epitomized by a series of conflicts. these texts cannot be left to speak for themselves. when they headed military garrisons. "dynasty. the Bensim'al. forthcoming). but also to generate a new paradigmfor Old Babylonian History.4 (1998) lineage. to a confederation of Amorite tribes. massively. rather. to act as ambassadors. and it is increasingly evident that Old Babylonian Mari was just another illustration of this condition. with only three kings in the same period. allowing us a better grasp of their careers and responsibilities as they reported on passing caravans. Thus. can match the best of biblical prose.78.Diplomats could be incredibly gabby and anecdotal. pesky bandits. On the basis of suggestive but indirect evidence. in rhetoric. Even when draftedunder short notice. they did so individually. While "house. we can have a wonderful time collating different statements about the same phenomenon from which to reconstructevents as well as to recover insights into Mari personalities. The most striking consequence of this cornucopia of new material is the shifting of focus from internal Mari affairs to those unfolding in diverse principalities of the Balib and Upper IJaburareas and in the capitals of regional kingdoms. maraudinglions. but Asnakkum had five rulers in less than five years. the royal state visits to and from Mari. through his father. as many follow Ibal-pi-El of Esnunna. but in fact it has proven protean. even titillating. lively pacing. a woman who played a significant role in palace affairs until her death aroundthe seventh year of her son's reign." that is. and as many follow Amut-pi-El of Qatna. And when they located it. and often. Writing a series of seminal articles individually or jointly. if you like. their letters ought not to remind us of the comparatively anemic sort from contemporaneousMesopotamia often found in the Altbabylonische Briefe series still coming out from Brill of Leiden. alias Sebna.458 Journal of the American Oriental Society 118. except for such powers as Babylon and Ilansura. These shifts in leadershipseem excessive-even when measured by Italian standards!In these contexts. Charpin and Durand propose that Zimri-Lim belonged. such that to label some of them "usurpers"and others "legitimate heirs" is to be superfluouslyfussy about pedigree. demeaning slanders. these diplomats had seemingly instant access to scribes. Imagine it.A greatchallenge. the area was a ver- itable Serengeti Plain. This content downloaded from 195. burst ditches. Kurda had four kings in ten years. such as the redemption of captive tribesmen. for the vastly increasedtextualcorpuspublishedunderDurand'sauthority has deepenedour acquaintancewith previously known Mari personalities. generating.482: 22-27. This hunt for origins may seem marginal to the wideranging and brilliant effort the authorsexpend on reconstructing Old Babylonian Mari. cited from Dossin 1938: 114). has been for us to learn how to use them. Kingdoms such as Kurda. changing shape and size at will. Kings were perpetually locked in a lethal version of musical chairs.They have suggested. 22 Jun 2014 15:57:12 PM All use subject to JSTOR Terms and Conditions . a veritable philosophie d'histoire. therefore. roaming on either side of the Euphrates. Zimri-Lim posted his men in the capitals of vassals. And. Given the flood of new information from the Mari archives. the same for SubatEnlil. also as unsubtle enforcers of Mari's political objectives. as well as for Zimri-Lim himself. especially in what they have to say about the world in which Zimri-Lim operated (Sasson. as when they dispensed juicy gossip about the wives of their hosts. each of whom could report separately to the king. that his father was a IJadni-Addu.and Karanabehaved like amoebae. progressively more universal in significance. Within a few years of that letter. the taking of the census. nasty weather.108. richly detailed though they may be. But what the last decade of publication has illumined most brightly is the world of statecraft and diplomats. over the course of two decades of intensive and ongoing labor on Mari's archives. and when they wrote. Charpin and Durand have proposed that ZimriLim was not a son of Yabdun-Lim.as spies. whose fate as king becomes our next concern. Aslakka. Itur-asduhad written sometime duringZimri-Lim'ssixth year: "No king is truly powerful just on his own: ten to fifteen kings follow Hammurabiof Babylon. Talbayumwas more stable. and misunderstandingsas often as solid information. this assessment would not be true for half of those mentioned. and so forth.and his mother was Addu-duri."was a metaphor commonly invoked among them. rumors. The Mari examples can contain dozens of long lines and. and worthy accomplishments.but twenty kings follow Yarim-Lim of Yambad" (A. as many follow Rim-Sin of Larsa. it was tempting to do so. possibly a brotherof Yabdun-Lim. Andarig. full of vivid phrasing. Yet. for they report hearsay. and. violent change of leader was the rule at most centers. as a world full of SaddamHusseins and his charmingkinfolk. Moving often in teams to majorpower centers. Asnakkum. as a diplomatic mission often included more than one person. savage plagues. an oftcited statement made by a Mari official proves ironic. they used their finding not merely to amend the biography of Zimri-Lim or to draft aroundit a new page of the Old Babylonian period.40 on Sun. and a terrificsense of structure. The documents have also fleshed out episodes in Zimri-Lim'sreign that had heretofore been barely known. In Zimri-Lim'sday. beastly locusts. where predatorswere most deadly when operating in packs and their prey most vulnerable when striking out on their own. pitting cultures-indeed ways of life-against each other (see recent overview in Charpinand Durand 1991).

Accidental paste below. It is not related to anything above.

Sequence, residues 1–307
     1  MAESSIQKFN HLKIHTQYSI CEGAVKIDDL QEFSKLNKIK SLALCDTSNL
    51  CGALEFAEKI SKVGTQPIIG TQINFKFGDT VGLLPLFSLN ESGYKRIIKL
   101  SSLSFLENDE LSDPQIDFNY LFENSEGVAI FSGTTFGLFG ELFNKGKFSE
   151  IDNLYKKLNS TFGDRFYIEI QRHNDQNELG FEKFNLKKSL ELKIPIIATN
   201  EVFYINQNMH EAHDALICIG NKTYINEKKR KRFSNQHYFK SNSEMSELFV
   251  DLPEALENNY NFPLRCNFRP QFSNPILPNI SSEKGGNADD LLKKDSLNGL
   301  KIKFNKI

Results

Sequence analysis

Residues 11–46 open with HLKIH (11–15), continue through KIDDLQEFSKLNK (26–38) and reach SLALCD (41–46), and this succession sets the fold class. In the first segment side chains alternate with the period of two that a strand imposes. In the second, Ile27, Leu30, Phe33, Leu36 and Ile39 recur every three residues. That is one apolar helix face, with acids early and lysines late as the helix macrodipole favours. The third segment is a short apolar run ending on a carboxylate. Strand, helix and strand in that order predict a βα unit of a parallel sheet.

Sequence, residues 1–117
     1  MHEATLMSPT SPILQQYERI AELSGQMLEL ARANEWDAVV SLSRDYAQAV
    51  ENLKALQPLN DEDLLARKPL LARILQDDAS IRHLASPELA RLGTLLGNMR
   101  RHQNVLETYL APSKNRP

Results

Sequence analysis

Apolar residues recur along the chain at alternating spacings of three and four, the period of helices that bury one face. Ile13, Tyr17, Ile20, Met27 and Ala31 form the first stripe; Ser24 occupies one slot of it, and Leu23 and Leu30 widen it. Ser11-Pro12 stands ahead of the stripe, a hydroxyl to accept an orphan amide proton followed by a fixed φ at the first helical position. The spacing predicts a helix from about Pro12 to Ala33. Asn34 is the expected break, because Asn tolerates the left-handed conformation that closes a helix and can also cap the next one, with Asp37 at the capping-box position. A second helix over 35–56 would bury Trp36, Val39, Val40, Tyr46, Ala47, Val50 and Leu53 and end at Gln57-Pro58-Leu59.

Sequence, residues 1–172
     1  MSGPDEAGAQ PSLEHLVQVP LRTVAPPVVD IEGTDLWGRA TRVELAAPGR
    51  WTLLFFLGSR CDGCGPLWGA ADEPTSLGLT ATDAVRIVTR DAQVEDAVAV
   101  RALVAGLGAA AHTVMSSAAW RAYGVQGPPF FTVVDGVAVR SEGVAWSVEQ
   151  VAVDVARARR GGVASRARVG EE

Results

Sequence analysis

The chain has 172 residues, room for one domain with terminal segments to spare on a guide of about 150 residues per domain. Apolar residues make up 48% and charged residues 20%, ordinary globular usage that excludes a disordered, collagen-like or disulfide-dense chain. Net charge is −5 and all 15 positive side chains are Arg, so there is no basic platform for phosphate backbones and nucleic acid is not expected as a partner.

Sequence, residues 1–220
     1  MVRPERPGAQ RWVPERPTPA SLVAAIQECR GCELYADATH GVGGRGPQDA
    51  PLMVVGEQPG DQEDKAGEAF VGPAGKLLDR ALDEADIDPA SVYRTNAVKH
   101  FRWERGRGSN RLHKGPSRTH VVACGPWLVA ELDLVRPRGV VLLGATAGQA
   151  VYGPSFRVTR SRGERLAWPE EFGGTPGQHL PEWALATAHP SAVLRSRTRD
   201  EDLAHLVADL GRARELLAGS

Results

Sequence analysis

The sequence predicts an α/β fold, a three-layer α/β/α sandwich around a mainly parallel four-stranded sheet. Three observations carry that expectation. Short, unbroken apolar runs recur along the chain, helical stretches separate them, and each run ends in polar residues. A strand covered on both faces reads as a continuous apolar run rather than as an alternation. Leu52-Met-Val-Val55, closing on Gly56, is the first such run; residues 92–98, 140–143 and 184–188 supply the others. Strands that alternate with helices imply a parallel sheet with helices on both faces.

Zimri-Lim'scapital. you could not be honorable with me when you sent this paltry amount of tin. Charpinand Durandreadily make parallels 12 The view is given in a number of articles. Banding together in a holy war. especially when it gave aid and comfort to the Benjamin tribes. Durand. its mores were distinctive.. Yet... arrogant and aggressive. Charpinand Ziegler 1997. leading to a peace accord in the following year. 13 Although Yabdun-Limmay have been a client of Esnunna. it cannot be said that the vision informing this construct is deeply embedded in the documentation.. For bellicose vs. I might have gotten angry (but not felt insulted). forthcoming). located in a region of what we now call Iran. The point being made is that the tin Isbi-Addu received is worth less than 2 pounds of silver. and for motivation. L'ensemble du proche-orient a di alors partager sur la question fondamentale de se soumettre ou non a l'tlam. and its impact is sharpenedby the location of Mari. It raided and destroyed Esnunna. aroundZL2'-3'. The parade example of royal pique is in a letter (ARM 5 20) meant to reach Isme-Dagan of Ekallatum. When you requested of me 2 horses. see Durand 1995: 471-75 and Durand 1990b: 104. where "trade"was but a euphemism for rulers recycling gifts among themselves. Its people were not Semites. honor. parler de ?guerre sainte>. but also Charpin 1992b. The other culture deemed itself heir to the great East Semitic and Akkadian dynasty of Sargon. See also A. Zimri-Lim was busy trying to put a stop to the internecine hostility of these two Amorite branches. Zimri-Lim was also a Benjamin.877 about an unacceptable exchange of wine.'3 But graver danger was lurking. In his early days on the throne. where letters were drafted largely to reach a specific point of view. Elam felt ready to play a more active role in the region. the more so when the gifts were presented publicly. 459 with the drama that unfolded over a millennium later. By the god of my father. Zimri-Limeventually concluded a peace with Esnunna. rather. 22 Jun 2014 15:57:12 PM All use subject to JSTOR Terms and Conditions . it appeals to geopolitics and to power vacuums. However.It turnedout to be a "cold" peace." For a succinct overview.40 on Sun. This split in ancestry proved critical. Aleppo. But you sent me just 20 pounds of tin! What would anyone hearing this say? He could not possibly deem us of equal might. that is. and Mari stopped Elam in its tracks. This content downloaded from 195. 48. It was sent by Isbi-Addu of Qatna: This matter is not for discussion. see Charpin 1991: 162. yet I must say it now and vent my feelings. These kingdoms had grasped power relatively recently. a Benjaminstronghold. the earliest occasion. had you planned sending nothing at all. and he succeeded by forcing the unruly Benjamin tribes to come to terms with him.78. it depends on ethnic solidarity and control of trade routes. however. one-fifth the value of the horses. "In ne faut pas h6siter 'a ?dramatiser> les faits et. and it was championed by such bellicose states as Esnunna.'5 So while I find it stimulating that the records of one city-state are used to recover historical movements that span centuries. can be justly labeled empereurs.but where the Bensim'al had made some inroads (Durand 1990a: 48 n. The success only whetted Elam's appetite. Its emperor sought access to the Mediterraneanand plotted with Qatna far to the west. In this phase of Zimri-Lim'sreign. But in the second phase of his rule. I 14 Durand 1992a: 42. I had them conveyed to you. centering on Aleppo and Babylon. but I keep in mind that it is not easy to infer them from so restricted a palace archive. Zimri-Lim is said to have likely lived his youth in the Karkemish area. Elam. 114f. Among us in Qatna. But a nationalistfervor grippedthe Amorites. Undoubtedly. when anotherthreatfrom Persia likewise quickened ethnic solidarity-this time. Zimri-Lim himself fought at least twice with this state. but they were relatively pacific in disposition. 123f. Its leaders.SASSON:A Mari King in Changing Perceptions but especially within the Jabur triangle. Babylon. most sharply presented in Durand 1993: 47. also sat at the junction of two major cultures. One of them was West Semitic and Amorite. you sent me just 20 pounds of tin. partially or in full. had always been an eminence grise. for rationale. see Durand 1992b: 99. 15Toreceiveor give lessergifts thanwas demandedby rank was an insult. although he was torn between his allegiance to the two polar cultures that had merged in Mari. the city he had conquered.14 I have assembled this sketch from a mushroomingbibliography of densely packed studies in which the events described are supported by publication of documents. Mari. Whether or not the price of the horses was realistic is another issue. balefully watching events to its west. You are the great king.108. across the Hellespont. Through his mother. But as for you. These elements undoubtedly do play a role in shaping history. the scion of a second Amorite tribal confederation spread across the heart of the middle Euphrates..an undertakingthoughtlessly assisted by the Amorite powers.12Zimri-Lim had experienced Esnunna's militancy first hand during the early years. the value of such horses is 10 pounds of silver. pacific. and fear of scandal. meme si le terme n'est pas employ6. and where exchange of valuables among the elite was regulated less by marketforces than by custom.